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Old 06-12-2007, 11:10 AM   #1
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ISO Smoked Pork Shoulder rec for Saturday

So I've got this pork butt. Would be my first attempt smoking one. I pulled a recipie from here: Barbecuebible.com :: View topic - Boston Butt FAQ

Any other ideas? Tips?

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Old 06-12-2007, 11:29 AM   #2
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Check out these three threads for a lot of good info.

HERE

AND HERE

AND HERE
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Old 06-12-2007, 12:02 PM   #3
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My first thought when reading your link is bypass the finished cooking time for slicing and definitely go straight for the 200 - 210 degree mark for pulling. You won't be sorry! I probably do mine the most simple of anyone and it turns out great every time. Rub down with salt, pepper, olive oil. I'm not a huge fan of rubs because I want the natural flavor from the meat and the hickory smoke. My other flavors will come from my cider-based sauces or a thinner tomato-based sauce. I put apple juice in my water pan and it DOES make a difference - it's great!

The next time I do a pork butt I may play with a brine.

Just make sure you smoke fat side up - don't peak too much or you will slow the cooking process down. And don't over smoke - whatever smoking chunks I put on I only replace them a couple times before I just add more hardwood briquetts only to keep the temp up.

Also - use Hickory CHUNKS - chips just don't produce enough flavor. I get my chunks at Lowe's or Home Depot. I've tried mesquite but Hickory gives the best flavor to a pork butt.

I also have a slaw recipe and a couple bbq sauce recipes if you want them.
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Old 06-12-2007, 12:26 PM   #4
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A coupla questions. Some of those cooking times vary tremendously as noted in the top link Andy provided, and the link I found. Can I start the butt in the oven, let's say 250 deg at 6am for 3 hrs, transfer to smoker, indirect method at 225 for 8 hours? This would give me a finish time around 5pm and a totla cooking time of 11 hrs.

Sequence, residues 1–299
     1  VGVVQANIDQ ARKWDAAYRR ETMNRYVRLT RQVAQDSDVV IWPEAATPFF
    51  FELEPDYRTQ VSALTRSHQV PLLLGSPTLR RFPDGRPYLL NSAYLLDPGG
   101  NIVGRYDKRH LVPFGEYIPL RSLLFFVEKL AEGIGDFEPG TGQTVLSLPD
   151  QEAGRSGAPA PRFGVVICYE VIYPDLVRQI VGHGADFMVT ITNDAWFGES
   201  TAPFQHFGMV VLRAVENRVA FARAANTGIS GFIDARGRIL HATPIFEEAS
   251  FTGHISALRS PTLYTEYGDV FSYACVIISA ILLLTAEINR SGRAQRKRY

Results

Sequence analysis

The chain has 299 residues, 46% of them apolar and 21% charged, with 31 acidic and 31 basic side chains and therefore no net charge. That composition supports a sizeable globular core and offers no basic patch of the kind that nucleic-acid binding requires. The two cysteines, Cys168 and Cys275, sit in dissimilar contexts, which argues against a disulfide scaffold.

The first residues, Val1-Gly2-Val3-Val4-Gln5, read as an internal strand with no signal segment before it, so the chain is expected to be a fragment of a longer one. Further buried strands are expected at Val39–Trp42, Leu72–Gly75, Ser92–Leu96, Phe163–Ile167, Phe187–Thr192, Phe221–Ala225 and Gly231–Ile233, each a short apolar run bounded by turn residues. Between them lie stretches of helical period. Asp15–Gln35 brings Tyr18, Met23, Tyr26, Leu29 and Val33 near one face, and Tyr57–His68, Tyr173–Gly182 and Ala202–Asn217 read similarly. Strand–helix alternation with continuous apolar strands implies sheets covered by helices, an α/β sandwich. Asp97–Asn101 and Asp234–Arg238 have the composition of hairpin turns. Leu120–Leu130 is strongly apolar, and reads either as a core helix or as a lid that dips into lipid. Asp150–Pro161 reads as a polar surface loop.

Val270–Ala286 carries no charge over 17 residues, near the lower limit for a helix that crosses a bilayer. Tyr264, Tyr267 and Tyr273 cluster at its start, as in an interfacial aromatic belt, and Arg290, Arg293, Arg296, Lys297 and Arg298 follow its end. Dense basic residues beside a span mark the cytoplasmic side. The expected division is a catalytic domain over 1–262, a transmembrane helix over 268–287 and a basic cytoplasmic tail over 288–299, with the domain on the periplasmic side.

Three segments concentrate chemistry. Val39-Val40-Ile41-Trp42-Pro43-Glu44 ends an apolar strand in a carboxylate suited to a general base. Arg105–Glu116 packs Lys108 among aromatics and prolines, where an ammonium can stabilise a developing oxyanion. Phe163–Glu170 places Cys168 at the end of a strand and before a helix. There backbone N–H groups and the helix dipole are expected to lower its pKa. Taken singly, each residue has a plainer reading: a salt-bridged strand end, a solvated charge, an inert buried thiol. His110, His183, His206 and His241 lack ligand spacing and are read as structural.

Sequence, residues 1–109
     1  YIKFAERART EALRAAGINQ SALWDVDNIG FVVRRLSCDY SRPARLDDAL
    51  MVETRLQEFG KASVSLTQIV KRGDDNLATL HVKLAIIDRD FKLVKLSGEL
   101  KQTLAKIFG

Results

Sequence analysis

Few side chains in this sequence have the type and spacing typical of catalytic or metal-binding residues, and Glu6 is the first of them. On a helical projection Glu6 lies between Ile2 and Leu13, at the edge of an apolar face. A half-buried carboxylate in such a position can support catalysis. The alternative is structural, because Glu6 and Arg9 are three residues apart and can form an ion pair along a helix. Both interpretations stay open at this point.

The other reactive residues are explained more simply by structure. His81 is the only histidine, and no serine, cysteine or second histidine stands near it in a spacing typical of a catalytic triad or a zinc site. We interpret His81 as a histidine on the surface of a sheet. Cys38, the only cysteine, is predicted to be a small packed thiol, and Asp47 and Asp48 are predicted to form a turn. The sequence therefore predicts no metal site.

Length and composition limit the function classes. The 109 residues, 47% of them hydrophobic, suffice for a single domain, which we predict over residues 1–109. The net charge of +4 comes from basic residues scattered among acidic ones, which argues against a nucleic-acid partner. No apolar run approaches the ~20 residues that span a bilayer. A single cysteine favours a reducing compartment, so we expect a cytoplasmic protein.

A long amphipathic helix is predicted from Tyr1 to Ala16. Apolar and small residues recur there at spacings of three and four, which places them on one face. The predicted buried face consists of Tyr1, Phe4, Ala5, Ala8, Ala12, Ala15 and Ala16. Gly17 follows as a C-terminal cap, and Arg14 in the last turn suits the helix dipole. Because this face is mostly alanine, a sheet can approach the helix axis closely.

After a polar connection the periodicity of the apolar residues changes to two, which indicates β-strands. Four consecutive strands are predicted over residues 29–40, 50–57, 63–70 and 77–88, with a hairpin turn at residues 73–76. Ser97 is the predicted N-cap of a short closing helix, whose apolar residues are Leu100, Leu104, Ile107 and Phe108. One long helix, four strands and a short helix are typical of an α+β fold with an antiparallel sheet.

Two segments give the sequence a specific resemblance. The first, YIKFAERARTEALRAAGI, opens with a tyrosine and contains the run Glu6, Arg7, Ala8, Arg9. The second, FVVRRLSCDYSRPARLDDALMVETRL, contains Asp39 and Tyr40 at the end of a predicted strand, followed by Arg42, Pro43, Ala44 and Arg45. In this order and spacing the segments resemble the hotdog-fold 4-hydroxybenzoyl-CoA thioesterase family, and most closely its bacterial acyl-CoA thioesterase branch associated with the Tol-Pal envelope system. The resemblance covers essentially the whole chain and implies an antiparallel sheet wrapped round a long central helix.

I would use some oak first, then a bag of Hickory chunk. Spray with mop every 30-45 minutes.

I agree with your method "less is more" and will try the apple juice.
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Old 06-12-2007, 12:34 PM   #5
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If possible, I would do the smoking first and finish it in the oven. So the answer is yes, you can.
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Old 06-12-2007, 12:38 PM   #6
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Why wouldn't you just do it in the smoker for the whole 11 hours?

A "bag" of Hickory chunks would be waaay too much smoke. If you use maybe 6 chunks of Oak at first I would do another 6 or so chunks of Hickory and then that's all or maybe a few more the next time you add some hardwood briquettes. But much more than that and you will have a bitter taste.

Just be sure to soak your wood chunks for at least 30 minutes before adding to your hot coals.

Maybe someone else can answer this but I don't know how pre-cooking in the oven affects the smoke penetration. Would the outside already be somewhat sealed and prevent smoke penetration? It's probably a dumb question but it crossed my mind.

Edited to add: Be sure and give enough time for this chunk of meat to rest for at least 30 minutes.
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Old 06-12-2007, 12:40 PM   #7
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How many pounds is your pork butt Jeekinz?
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Old 06-12-2007, 12:53 PM   #8
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I just glanced at it in the freezer after the DW brought it home. Looks to be 6 1/2 lbs. I'll check tonight.

I have lump charchoal and wood chunk for fuel. Not an electric smoker. I may "annoy" the neighborhood firing up the smoker at 6am.
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Old 06-12-2007, 01:04 PM   #9
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Lump and wood is fine (I believe it's lump for the long lasting issue and wood for the higher burning temp? - is that right Andy M?) - just be sure to have about 3 or 4 bags on hand, along with your wood chunks you will be using. I would plan on no less than 11 hours cooking time and bring it to 200 finished temperature if you can - at least in the 190's is better than nothing.

I used to have an electric smoker and while I loved it because I could leave and go do things I do like my "regular" smoker better! It makes one heck of a Thanksgiving turkey!!!
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Old 06-12-2007, 02:31 PM   #10
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Not sure what you're asking...

I believe lump burns hotter and faster than briquettes. I would also expect it to burn hotter than wood, but there are several factors that effect the result. The size of the wood pieces, the type of wood, how dry it is and how much you use.

If the wood is just for the smoke, you would be using small chunks soaked in water to slow the burn and make smoke. The charcoal would provide the fuel and the wood would provide the smoke.

If you are intending to use hardood logs for heat, they need to be dry. Logs will last longer than the lump.
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